Saturday, Second Week of Advent
“Why do the teachers of the law say that Elijah must come first?” – the disciples asked Jesus on their way down the mountain after his Transfiguration (Mt. 17:10). What was the scriptural basis for the scribes to promote such a teaching? Mal. 4:5 says “Behold, I will send you Elijah the prophet before the great and awesome day of the Lord comes.” Of course, the gospel of the day comes to an end with the disciples coming to the realization that the Elijah who is to come was, in fact, John the Baptist.
But what disturbs me most is the day which Prophet Malachi referred to as “the great and awesome day.” If John the Baptist were to be understood as the new Elijah then the Lord whom he heralded has already come and gone. If so, what was so great and so awesome about that day of the Lord’s former coming?
Was it that day when the Word incarnated …when the Word was virginally conceived in the womb of a peasant girl? Apart from Mary, the whole world was oblivious to such profound divine intervention. What about the nativity of Jesus at Bethlehem? Except for the guiding star or the angels singing alleluia, there was nothing spectacular about it. As a matter of fact, that day, the Word Incarnate was cradled in a manger of a borrowed barn! How about the day of our Lord’s baptism, or the Transfiguration? Both these brief yet decisive revelations had but a very small audience. Only John the Baptist saw the Holy Spirit hovering over the baptized Jesus while the Transfiguration was witnessed only by Peter, James, and John. Was Malachi referring to his resurrection or ascension for that matter? The former was witnessed by none; all they found was an empty tomb. The latter was witnessed only by his closest disciples.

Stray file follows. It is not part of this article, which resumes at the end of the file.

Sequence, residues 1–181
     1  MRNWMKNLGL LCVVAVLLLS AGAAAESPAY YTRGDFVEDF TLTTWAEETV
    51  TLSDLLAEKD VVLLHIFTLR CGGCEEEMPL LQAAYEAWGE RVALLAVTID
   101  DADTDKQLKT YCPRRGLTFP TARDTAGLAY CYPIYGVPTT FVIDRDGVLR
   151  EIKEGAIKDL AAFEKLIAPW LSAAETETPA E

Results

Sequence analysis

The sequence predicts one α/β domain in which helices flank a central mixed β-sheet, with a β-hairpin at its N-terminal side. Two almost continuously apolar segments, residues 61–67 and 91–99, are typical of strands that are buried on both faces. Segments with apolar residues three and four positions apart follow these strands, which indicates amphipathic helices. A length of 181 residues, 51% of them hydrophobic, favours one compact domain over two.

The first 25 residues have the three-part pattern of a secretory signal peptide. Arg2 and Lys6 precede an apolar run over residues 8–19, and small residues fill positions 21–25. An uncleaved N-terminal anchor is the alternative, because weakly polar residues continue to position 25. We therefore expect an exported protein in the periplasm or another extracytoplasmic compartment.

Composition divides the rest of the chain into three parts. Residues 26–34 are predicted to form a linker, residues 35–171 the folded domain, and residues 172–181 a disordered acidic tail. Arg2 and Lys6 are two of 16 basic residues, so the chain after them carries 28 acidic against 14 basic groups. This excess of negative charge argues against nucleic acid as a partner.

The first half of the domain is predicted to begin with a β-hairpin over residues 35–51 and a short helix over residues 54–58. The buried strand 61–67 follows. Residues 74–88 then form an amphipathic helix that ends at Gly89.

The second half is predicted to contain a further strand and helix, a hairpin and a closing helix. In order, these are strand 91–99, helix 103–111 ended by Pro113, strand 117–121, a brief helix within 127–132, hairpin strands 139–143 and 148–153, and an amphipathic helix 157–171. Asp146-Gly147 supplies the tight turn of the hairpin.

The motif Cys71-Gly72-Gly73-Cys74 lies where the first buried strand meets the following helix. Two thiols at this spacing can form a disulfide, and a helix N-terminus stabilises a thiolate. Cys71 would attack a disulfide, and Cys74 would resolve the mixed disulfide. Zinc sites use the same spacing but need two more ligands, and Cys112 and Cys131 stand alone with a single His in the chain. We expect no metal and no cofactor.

Could that be the day when Jesus gave himself up to an ignominious death …when he was nailed to the rood and was hoisted like the bronze serpent raised by Moses of old?
The Jews crucified their Messiah because he fell short of their expectations and was no match to their preconceptions. They too were expecting a Messiah in all his glory and honor, who would reign the whole world with his mighty hand.
Are our expectations of Jesus who is to come, any different from what the Jews were expecting of their Messiah? Are we really sure that the second coming of Christ would be of a glorious one for all to see as we normally understand? Would history be repeated again? Will the Bride of Christ – the Church execute him as a heretic just like Israel – the chosen people of God executed their Messiah?
Pontius Pilate handed him over to die an ignominious death on a cross. I’m afraid, we too might have already given him up to die of hunger, thirst, deprivation, shame, oppression. One such way of washing our hands off Jesus is failing to see him in the needy …failing to come to the rescue of the needy.